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Re: Using guile as an extension language for GNU make

From: Paul Smith
Subject: Re: Using guile as an extension language for GNU make
Date: Mon, 19 Sep 2011 17:56:26 -0400

On Mon, 2011-09-19 at 21:41 +0200, Hans Aberg wrote:
> On 19 Sep 2011, at 17:14, Paul Smith wrote:
> > In make, everything is just words: broken up on whitespace.  So for
> > example, maybe someone writes a Guile function that computes a complex
> > set of prerequisites for a target:
> > 
> >     target: $(guile (...some Guile program...))
> > 
> > The list of prerequisites is a whitespace-separated list of target
> > names.  If the Guile program returned a string like "dep1 dep2 dep3"
> > then that would be fine with what I have.  But it seems like it might be
> > nice to allow the Guile script to return it as a list instead.  Then I'd
> > like to convert a list like '(dep1 dep2 dep3) into a string "dep1 dep2
> > dep3" (not "(dep1 dep2 dep3)" as display would do).
> > 
> > But of course each element of the list could be something more complex,
> > as well.  So it gets tricky.
> How does 'make' store a list of words separated by strings internally?
> If Guile converts its lists to such strings, the behavior is likely to
> be fragile. It would better if 'make' converted those strings
> internally to lists, and the Guile extension interaction with those
> lists.

Hi Hans;

The first stage of make is reading in all the makefiles.  As part of
this, variables and functions are expanded (one line at a time) and the
result is a string.

The $(guile ...) make function, like all other make functions and
variables, is expanded in this way, so the return value of the guile
function must be converted to a string and appended to the string buffer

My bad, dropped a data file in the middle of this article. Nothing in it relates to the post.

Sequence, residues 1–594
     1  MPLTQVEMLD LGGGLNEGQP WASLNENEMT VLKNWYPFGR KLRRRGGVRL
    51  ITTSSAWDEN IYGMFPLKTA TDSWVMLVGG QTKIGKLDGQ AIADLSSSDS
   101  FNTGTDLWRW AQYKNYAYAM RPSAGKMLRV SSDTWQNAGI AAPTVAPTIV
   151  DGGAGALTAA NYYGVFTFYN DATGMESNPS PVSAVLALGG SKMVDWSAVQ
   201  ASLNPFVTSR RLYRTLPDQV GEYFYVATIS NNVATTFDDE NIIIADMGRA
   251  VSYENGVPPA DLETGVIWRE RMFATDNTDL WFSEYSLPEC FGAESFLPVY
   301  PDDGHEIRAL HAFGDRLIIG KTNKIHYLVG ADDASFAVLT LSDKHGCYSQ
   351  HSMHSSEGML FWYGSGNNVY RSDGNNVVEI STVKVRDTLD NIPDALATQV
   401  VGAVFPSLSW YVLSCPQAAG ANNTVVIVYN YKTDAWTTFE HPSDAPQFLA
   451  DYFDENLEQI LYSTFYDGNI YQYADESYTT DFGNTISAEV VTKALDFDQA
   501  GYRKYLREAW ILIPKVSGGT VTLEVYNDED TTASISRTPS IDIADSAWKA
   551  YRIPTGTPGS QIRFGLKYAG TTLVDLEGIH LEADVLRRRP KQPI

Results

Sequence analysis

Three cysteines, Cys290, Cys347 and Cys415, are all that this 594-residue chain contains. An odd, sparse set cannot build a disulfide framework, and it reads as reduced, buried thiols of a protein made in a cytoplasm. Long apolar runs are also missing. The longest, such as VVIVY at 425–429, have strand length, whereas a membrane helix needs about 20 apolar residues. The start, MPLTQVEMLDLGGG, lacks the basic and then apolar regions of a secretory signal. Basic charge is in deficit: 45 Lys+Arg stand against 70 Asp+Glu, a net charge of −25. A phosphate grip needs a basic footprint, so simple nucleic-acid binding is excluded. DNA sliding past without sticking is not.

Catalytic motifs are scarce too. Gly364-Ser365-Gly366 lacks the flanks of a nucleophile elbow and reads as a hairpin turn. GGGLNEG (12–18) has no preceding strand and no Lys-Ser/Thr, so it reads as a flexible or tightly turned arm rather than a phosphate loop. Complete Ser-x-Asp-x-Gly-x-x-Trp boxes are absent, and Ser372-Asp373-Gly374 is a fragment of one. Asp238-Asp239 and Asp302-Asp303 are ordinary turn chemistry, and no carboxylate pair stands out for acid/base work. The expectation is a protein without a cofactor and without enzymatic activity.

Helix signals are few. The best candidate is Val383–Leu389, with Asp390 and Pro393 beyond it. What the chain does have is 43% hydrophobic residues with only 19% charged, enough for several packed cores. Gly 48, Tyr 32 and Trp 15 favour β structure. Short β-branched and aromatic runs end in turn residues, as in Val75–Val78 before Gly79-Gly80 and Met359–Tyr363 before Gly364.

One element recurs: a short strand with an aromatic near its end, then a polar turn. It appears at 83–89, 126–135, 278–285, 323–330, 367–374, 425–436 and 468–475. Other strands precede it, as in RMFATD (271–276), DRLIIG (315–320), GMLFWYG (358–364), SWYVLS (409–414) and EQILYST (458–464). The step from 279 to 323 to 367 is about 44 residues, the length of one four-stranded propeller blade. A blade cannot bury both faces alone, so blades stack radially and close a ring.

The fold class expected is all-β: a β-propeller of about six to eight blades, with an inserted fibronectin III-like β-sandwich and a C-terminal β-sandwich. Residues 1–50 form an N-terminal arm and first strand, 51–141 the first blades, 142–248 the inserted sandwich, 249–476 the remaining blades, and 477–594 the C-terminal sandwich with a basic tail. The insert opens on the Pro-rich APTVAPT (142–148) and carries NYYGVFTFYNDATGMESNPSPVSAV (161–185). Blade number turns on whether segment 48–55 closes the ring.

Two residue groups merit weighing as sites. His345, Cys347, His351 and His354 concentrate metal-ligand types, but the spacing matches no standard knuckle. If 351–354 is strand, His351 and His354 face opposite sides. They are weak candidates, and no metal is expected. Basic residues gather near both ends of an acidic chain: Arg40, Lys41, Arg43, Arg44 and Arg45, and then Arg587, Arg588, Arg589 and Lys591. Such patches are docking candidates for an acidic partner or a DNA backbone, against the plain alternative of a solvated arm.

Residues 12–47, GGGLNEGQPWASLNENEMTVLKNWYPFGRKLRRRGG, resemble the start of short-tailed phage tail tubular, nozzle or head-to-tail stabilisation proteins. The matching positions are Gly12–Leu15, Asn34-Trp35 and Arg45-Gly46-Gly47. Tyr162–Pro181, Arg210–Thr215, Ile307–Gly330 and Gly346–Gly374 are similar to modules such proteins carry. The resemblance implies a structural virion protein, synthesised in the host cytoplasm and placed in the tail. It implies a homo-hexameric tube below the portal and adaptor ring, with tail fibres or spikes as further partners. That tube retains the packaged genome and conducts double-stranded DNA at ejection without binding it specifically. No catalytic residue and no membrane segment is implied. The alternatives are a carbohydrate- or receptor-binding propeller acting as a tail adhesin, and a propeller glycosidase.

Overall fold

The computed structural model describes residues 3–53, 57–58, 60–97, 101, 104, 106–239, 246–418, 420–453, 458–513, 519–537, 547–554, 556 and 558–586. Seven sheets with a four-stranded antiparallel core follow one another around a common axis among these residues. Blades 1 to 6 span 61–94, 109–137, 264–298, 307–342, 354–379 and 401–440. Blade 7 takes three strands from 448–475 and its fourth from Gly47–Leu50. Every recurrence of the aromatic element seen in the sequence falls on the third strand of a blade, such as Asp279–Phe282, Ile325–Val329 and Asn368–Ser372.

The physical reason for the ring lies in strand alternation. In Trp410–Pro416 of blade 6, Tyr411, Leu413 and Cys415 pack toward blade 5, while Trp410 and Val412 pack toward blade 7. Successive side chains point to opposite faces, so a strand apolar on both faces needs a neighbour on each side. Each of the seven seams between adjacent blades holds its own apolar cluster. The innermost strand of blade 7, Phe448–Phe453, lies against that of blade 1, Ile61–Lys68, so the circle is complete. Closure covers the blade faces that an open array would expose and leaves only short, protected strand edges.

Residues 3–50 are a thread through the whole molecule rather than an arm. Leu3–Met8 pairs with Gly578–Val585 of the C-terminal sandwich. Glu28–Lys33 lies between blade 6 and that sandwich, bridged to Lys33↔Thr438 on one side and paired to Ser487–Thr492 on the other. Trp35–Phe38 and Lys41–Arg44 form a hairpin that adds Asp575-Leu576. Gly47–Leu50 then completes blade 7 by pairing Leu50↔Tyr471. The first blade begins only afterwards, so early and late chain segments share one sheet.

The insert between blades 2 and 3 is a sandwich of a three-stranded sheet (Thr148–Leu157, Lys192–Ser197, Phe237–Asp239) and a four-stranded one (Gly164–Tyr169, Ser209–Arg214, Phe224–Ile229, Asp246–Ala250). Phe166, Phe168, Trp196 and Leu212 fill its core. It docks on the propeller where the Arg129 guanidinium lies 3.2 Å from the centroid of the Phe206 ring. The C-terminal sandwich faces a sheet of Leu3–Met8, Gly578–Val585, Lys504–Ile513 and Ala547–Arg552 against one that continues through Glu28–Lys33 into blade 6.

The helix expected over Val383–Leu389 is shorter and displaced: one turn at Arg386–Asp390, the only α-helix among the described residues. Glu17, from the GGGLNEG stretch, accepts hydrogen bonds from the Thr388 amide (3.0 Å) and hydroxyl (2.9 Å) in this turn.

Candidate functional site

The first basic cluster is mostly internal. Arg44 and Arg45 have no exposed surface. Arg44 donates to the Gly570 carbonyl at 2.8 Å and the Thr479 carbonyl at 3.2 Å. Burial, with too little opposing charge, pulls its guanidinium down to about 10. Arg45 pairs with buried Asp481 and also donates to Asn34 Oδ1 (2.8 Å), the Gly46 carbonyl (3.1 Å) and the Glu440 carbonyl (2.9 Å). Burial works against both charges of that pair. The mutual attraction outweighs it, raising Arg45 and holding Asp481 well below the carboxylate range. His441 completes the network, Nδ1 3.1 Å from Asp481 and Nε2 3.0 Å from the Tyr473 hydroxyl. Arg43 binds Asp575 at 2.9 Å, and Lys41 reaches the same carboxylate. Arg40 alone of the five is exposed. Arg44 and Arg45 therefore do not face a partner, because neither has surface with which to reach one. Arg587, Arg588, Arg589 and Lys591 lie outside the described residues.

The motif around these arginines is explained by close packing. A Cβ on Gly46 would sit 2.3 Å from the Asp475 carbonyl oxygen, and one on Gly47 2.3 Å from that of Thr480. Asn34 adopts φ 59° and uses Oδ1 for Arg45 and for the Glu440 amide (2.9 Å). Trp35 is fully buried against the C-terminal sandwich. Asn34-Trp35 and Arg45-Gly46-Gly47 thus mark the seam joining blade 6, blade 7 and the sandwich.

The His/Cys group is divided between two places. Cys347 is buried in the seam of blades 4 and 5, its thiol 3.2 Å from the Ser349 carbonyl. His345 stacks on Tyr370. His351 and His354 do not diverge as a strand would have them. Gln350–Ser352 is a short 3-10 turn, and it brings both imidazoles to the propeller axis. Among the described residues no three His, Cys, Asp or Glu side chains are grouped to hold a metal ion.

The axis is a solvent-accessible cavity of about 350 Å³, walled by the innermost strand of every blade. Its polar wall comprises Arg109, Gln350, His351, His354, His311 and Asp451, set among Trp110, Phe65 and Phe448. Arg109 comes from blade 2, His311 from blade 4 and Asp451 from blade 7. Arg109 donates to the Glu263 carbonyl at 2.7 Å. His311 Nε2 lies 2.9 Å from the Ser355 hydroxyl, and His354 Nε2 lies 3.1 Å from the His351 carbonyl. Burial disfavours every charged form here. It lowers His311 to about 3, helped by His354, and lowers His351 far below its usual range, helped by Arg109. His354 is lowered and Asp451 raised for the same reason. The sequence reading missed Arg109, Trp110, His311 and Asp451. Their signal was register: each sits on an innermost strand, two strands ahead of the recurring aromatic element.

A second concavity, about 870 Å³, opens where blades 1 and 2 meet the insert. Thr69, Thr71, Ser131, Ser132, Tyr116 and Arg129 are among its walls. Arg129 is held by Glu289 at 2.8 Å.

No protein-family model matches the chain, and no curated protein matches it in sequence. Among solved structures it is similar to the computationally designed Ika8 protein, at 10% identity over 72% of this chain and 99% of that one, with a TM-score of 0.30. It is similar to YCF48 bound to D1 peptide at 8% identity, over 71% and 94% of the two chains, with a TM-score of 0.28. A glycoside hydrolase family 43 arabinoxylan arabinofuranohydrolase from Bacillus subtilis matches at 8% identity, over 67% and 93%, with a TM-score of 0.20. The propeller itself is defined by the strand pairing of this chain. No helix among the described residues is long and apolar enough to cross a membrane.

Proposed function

make is constructing.  Once all of the input is expanded and the
expansion is added to the buffer, then make will go back and parse it
(exactly how this is done is very context-dependent).

The short is, I agree that Guile would not want to try to convert a list
into some kind of internal make "list of words" data structure; in fact
that just wouldn't work because at the time it runs there is no such
thing.  All we have is a buffer with whitespace-separated words.

Rather, I need to define a translation from any Guile data type I want
to support into a make-appropriate string (char* buffer) so it can be
appended to make's read buffer, then parsed by make.  For any Guile data
type I can't or don't want to translate, I'll either throw a make error
or else just expand to the empty string.

So far, I have these translations (see the C code I posted earlier):

t               => "t" (for make conditionals, non-empty is true)
nil             => ""  (for make conditionals, empty is false)
"string"        => "string"
'symbol         => "symbol"
1234            => "1234"

I can see that it would be nice to be able to translate:

'(a b c)        => "a b c"

But what about more complex structures like lists of lists?  What about
simple pairs; should '(a . b) => "a b" as well?  Lists of words are just
about all make knows about so maybe the answer is yes.

And finally, currently I have all unknown types expanding to the empty
string but now I'm thinking it would be better to start out more
restrictive and throw errors.  This would ensure that people write their
Guile scripts correctly (giving valid return values) from the start, and
would let me, in the future, expand the supported types without breaking

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